Health Minister Christine Elliott said that represents a 0.3 per cent increase “as the province once again processed over 30,000 tests. Locally, 27 of 34 public health units are reporting five or fewer cases, with 16 of them reporting no new cases. There are 122 more resolved.”
She also tweeted that “hospitalizations, ICU admissions and patients (on ventilators) all remain largely stable today” and noted that the next update on coronavirus numbers will come Tuesday, because of the holiday on Monday.
Total confirmed cases across Canada to date:
- Alberta: 10,843 (including 196 deaths)
- British Columbia: 3,641 (including 195 deaths)
- Manitoba: 403 (including 8 deaths)
- Newfoundland and Labrador: 266 (including 3 deaths)
- Nova Scotia: 1,069 (including 64 deaths)
- New Brunswick: 170 (including 2 deaths)
- Ontario: 39,333 (including 2,777 deaths)
- Quebec: 59,458 (including 5,678 deaths)
- Saskatchewan: 1,334 (including 18 deaths)
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- Nunavut: No confirmed cases
- Canada: 116,599 (14 presumptive, 116,585 confirmed including 8,941 deaths)
9:31 a.m.: Toronto has been in the coronavirus’s grip for just over six months, though it may feel like a lifetime. The path of the virus has twisted wildly: nearly every month has brought a new upheaval.
In July, Toronto Public Health released an important dataset: a catalogue of every case reported in the city since the first known case in late January, roughly 15,300 total. Identifying details have been removed to protect privacy, but each case includes the person’s age bracket, neighbourhood and source of infection; whether they were hospitalized, in critical care or intubated; whether they recovered, are still fighting infection, and more.
You might think you know the story of COVID-19 and Toronto. But the dataset, which TPH says it released in the interest of transparency, contains revelations about how the virus slipped into Toronto and gained a foothold before taking aim at the most vulnerable residents and neighbourhoods.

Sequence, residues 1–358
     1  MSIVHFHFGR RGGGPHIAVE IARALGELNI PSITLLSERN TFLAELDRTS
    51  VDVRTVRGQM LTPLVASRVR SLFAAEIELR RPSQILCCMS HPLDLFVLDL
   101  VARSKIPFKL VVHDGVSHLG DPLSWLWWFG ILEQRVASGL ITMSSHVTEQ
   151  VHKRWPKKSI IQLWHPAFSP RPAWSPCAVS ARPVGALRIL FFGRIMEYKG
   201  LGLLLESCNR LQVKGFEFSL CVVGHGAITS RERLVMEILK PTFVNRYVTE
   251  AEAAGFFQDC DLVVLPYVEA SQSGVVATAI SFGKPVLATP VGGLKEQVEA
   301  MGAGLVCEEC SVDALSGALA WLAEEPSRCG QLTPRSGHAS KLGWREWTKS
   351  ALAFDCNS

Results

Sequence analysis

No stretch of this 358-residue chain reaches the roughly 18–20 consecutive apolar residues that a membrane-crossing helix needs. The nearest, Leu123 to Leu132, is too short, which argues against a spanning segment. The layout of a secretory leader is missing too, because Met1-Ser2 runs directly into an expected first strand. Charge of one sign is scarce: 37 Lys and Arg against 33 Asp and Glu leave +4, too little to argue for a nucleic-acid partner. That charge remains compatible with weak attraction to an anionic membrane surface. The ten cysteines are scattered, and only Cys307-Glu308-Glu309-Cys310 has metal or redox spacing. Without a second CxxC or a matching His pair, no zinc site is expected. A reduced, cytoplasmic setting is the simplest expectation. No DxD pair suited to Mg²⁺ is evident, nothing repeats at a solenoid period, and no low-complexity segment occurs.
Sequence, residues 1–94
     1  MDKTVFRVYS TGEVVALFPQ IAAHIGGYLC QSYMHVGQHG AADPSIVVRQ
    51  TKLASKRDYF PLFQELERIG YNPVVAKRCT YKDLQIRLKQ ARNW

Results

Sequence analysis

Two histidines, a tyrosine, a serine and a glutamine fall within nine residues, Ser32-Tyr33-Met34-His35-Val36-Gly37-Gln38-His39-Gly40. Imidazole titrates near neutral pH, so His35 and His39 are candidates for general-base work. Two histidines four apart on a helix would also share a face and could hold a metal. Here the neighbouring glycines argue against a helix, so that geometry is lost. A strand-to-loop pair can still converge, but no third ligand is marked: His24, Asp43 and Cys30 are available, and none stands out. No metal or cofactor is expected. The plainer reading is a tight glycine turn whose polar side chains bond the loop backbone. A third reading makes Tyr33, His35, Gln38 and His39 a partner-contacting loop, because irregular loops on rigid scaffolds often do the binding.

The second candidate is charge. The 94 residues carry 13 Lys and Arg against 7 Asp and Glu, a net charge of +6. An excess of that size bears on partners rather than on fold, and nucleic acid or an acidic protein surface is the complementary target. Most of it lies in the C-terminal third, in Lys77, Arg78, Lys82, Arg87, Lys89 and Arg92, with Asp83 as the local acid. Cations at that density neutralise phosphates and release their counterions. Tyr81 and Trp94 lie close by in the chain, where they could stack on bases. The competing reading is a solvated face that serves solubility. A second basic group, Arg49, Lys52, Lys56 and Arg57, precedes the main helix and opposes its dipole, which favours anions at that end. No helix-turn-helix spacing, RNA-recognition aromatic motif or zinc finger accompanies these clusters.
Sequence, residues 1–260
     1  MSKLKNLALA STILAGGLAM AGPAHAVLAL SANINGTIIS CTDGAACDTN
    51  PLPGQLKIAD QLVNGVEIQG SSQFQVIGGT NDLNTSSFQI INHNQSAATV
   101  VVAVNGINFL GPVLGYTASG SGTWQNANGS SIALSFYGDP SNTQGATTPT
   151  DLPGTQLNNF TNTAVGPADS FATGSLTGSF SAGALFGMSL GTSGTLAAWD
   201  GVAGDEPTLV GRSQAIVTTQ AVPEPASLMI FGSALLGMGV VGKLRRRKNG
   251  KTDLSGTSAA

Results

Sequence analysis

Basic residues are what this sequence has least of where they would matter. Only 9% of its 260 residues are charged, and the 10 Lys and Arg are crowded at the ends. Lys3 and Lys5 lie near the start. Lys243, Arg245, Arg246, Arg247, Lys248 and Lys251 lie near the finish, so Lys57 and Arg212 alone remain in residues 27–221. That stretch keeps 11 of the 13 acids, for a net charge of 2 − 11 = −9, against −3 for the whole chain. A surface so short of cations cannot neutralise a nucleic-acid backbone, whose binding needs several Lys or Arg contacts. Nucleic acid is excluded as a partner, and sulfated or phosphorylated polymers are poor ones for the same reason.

7:15 a.m.: Coronavirus outbreaks at mink farms in Spain and the Netherlands have scientists digging into how the animals got infected and if they can spread it to people.
In the meantime, authorities have killed more than 1 million minks at breeding farms in both countries as a precaution.
The virus that first infected people in China late last year came from an animal source, probably bats, and later spread from person to person, as other coronaviruses had done in the past. Some animals, including cats, tigers and dogs, have picked up the new coronavirus from people, but there hasn’t been a documented case of animals spreading it back to humans.
The outbreaks among the minks on the farms in the Netherlands and Spain likely started with infected workers, although officials aren’t certain. But it also is “plausible” that some workers later caught the virus back from the minks, the Dutch government and a researcher said, and scientists are exploring whether that was the case and how much of a threat such a spread might be.
7:10 a.m.: Confirmed coronavirus cases are hovering at near record levels in Japan, raising worries the pandemic may be growing more difficult to control.
The Tokyo government reported 292 new cases Sunday, about half in their 20s. Japan in total reported 1,540 cases on Saturday— the second straight day the number was above 1,500.
Nationwide cases for Sunday will be tallied at midnight. Numbers are usually fewer over the weekend because of fewer tests. Japan has avoided a total lockdown, encouraging business activity while urging people to wear masks, social distance and work from home.
7:02 a.m.: Coronavirus infections in the Philippines surged past 100,000 Sunday after medical groups declared that the country was waging “a losing battle” against the virus and asked the president to reimpose a lockdown in the capital.
The Department of Health reported a record-high daily tally of 5,032, bringing the total confirmed cases in the country to 103,185, including more than 2,000 deaths.
The Philippines has the second-most cases in Southeast Asia after Indonesia. President Rodrigo Duterte eased a tough virus lockdown in the capital, Manila, on June 1.
6:57 a.m.: India’s coronavirus caseload crossed 1.75 million with another spike of 54,735 in the past 24 hours. The new cases are down from 57,118 on Saturday.
The Health Ministry on Sunday also reported 853 deaths for a total of 37,364. Randeep Guleria, a top government expert, said that New Delhi and Mumbai may have crossed their peak levels with declining trends.
The month of July alone has accounted for more than 1.1 million cases in India. Health Minister Harsh Vardhan said the case fatality rate is progressively reducing and currently stands at 2.18%, one of the lowest globally.
6:50 a.m.: The premier of Australia’s hard-hit Victoria state has declared a disaster among sweeping new coronavirus restrictions across Melbourne and elsewhere from Sunday night.